NBTC suggests calling the cops on CAT Telecom over illegal spectrum allocation

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Thailand’s National Broadcasting and Telecommunications Commission (NBTC) has meekly requested its Secretary-General to go to a police station and file a complaint against state telco CAT Telecom for illegally operating a telecommunications network with TrueMove without a license on the 800-MHz band.

This is the latest chapter in a long-running saga over the status of TrueMove’s 850-MHz 4G network that started as a non-commercial 3G trial in 2009 and has since gone commercial nationwide without a license under a back-door de facto concession with CAT Telecom.

The full NBTC board convened on April 18, and on the agenda was CAT Telecom’s illegal use of 800-MHz.

On May 6, 2010, NBTC’s predecessor, the National Telecommunications Commission (NTC), ruled that CAT Telecom may not use the 800-MHz band. The NTC Act and the constitution at the time prohibited the reallocation of spectrum until the independent regulatory bodies were set up. CAT Telecom had gone ahead and reallocated part of its legacy 800-MHz AMPS spectrum run by Dtac to TrueMove for its 3G network. True was ostensibly the MVNO and CAT the MNO, though for all intents and purposes the roles were reversed.

The NBTC found that CAT was still using 800-MHz without a license and in November last year issued a fine to CAT for $5,000 (174,000 baht) under the ancient Radio Telecommunications Act BE 2498 (1955). To put that in context, the same amount of spectrum a bit higher up on the 900-MHz band went for over $2 billion.

In Tuesday’s meeting, the NBTC was informed that while the Telecommunications Business Act stipulates punishment of six-years in jail and/or a $291,000 (10 million Baht) fine for use of spectrum without a license, the NBTC Secretariat was unable to process any punishments that involved a jail term of more than six months.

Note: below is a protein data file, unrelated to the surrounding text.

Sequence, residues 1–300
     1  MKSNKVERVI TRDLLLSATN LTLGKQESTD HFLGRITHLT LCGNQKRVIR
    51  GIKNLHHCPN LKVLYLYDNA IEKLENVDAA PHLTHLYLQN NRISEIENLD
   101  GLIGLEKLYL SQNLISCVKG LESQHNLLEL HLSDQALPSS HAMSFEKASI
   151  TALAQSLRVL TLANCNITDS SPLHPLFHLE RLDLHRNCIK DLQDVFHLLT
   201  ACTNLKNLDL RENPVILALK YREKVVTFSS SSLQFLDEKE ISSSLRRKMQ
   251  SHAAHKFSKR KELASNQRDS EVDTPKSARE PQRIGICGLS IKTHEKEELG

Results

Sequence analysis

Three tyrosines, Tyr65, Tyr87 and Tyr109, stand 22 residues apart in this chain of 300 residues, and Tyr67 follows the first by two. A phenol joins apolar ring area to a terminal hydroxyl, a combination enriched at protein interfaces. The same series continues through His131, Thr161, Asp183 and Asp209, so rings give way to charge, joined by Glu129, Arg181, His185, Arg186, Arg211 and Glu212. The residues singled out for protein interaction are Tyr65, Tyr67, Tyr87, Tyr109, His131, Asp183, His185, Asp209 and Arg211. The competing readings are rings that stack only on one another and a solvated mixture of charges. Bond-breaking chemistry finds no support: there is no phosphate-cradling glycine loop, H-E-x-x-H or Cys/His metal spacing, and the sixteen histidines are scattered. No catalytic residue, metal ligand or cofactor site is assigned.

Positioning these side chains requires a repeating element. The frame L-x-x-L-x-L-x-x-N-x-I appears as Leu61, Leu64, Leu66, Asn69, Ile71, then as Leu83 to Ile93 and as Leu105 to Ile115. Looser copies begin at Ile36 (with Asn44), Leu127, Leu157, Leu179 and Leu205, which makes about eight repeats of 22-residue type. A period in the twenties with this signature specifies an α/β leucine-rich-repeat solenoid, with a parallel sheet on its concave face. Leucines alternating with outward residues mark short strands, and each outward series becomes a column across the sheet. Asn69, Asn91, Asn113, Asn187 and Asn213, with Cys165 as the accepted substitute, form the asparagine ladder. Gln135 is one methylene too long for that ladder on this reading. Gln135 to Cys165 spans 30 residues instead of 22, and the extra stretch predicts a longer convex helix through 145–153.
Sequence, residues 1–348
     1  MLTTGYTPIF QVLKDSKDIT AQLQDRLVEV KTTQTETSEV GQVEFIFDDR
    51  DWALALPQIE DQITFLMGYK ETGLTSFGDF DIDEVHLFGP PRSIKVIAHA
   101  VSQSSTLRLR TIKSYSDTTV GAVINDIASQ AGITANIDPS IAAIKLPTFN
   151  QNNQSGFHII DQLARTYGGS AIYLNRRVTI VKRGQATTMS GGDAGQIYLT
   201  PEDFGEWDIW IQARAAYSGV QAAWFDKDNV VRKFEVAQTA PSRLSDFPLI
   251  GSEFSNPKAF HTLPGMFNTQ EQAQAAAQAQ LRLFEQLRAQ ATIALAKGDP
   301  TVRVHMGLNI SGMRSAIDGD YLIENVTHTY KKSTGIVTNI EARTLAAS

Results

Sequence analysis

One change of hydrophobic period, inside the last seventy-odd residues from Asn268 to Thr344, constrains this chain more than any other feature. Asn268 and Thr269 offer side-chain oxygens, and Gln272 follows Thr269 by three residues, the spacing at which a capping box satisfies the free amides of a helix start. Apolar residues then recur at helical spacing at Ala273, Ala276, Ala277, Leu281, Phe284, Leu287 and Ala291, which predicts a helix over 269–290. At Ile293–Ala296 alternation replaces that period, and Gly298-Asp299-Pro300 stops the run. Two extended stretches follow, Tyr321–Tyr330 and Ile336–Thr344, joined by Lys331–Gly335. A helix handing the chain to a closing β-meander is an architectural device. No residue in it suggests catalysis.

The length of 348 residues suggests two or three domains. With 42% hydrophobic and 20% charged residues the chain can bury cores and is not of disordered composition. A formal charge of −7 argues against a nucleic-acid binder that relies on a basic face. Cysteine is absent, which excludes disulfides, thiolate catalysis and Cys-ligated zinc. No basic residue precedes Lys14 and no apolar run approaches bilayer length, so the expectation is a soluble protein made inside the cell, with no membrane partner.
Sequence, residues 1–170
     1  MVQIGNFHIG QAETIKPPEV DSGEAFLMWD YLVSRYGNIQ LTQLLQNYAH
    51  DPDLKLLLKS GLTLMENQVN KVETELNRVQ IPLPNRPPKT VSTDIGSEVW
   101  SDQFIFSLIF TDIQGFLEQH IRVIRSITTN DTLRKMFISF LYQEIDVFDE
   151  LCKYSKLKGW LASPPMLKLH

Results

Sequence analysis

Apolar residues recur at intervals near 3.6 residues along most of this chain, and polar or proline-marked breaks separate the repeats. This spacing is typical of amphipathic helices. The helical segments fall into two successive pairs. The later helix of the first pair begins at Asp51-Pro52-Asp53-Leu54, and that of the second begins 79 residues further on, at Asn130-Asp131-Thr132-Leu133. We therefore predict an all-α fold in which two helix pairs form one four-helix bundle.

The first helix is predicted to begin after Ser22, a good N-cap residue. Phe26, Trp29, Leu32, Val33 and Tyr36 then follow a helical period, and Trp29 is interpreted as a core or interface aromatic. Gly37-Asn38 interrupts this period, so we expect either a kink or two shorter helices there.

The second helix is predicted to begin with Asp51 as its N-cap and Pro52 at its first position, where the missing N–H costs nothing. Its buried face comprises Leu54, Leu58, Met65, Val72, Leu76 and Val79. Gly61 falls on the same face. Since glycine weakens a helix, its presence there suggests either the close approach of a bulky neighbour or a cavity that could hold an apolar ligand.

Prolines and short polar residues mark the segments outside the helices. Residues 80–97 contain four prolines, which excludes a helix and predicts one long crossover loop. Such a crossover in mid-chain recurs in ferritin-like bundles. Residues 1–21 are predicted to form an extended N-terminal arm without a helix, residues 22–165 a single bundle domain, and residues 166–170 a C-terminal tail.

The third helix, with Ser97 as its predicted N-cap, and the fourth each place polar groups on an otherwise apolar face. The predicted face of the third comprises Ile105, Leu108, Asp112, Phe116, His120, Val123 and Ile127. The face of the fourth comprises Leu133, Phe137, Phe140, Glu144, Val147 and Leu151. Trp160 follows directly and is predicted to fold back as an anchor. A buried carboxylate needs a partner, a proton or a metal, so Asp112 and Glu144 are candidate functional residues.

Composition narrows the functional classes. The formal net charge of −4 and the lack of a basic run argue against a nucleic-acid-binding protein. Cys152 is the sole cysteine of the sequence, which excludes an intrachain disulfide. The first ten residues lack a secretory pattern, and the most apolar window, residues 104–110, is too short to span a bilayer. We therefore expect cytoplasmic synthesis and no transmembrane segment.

In a final act of desperation, the outgoing NBTC Board could only rule that a motion be put before the NBTC telecom sub-board for it to consider asking the NBTC Secretary-General to go to a police station and file a police report for further action to be taken against CAT Telecom.

This is unlikely to happen. Recently the NBTC board ruled that TOT’s 2300-MHz network was illegal under Section 46 of the frequency act (the no-sub letting clause) and recommended the spectrum be recalled for reallocation through auction. Instead the NBTC Secretary-General simply held a press conference saying that TOT executives had explained things, and that the project would go ahead as planned.

Meanwhile, AIS has responded to a Disruptive.Asia story on how the NBTC had inexplicably declared 920-950 MHz as unlicensed IoT spectrum despite AIS having paid $2 billion for the 940-950-MHz portion of those bands.

In a statement, an AIS spokesperson said, “With regard to the question on whether IoT licensing would interfere with AIS’ use of 900 MHz, AIS feels that this is a matter for the NBTC, and AIS will gladly cooperate and comply.”

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Don Sambandaraksa
About Don Sambandaraksa 110 Articles
Don is a contributing editor for Disruptive.Asia. For most of the 00s, he was the face of Database, the enterprise tech section of the Bangkok Post, and later covered Thailand and the region for Telecom Asia. Before becoming a journalist he was a civil servant at Thailand's ICT Ministry. He is currently studying for an M.Sc. in Digital Currency at the University of Nicosia. He is also an avid proponent of strong encryption and Bitcoin.

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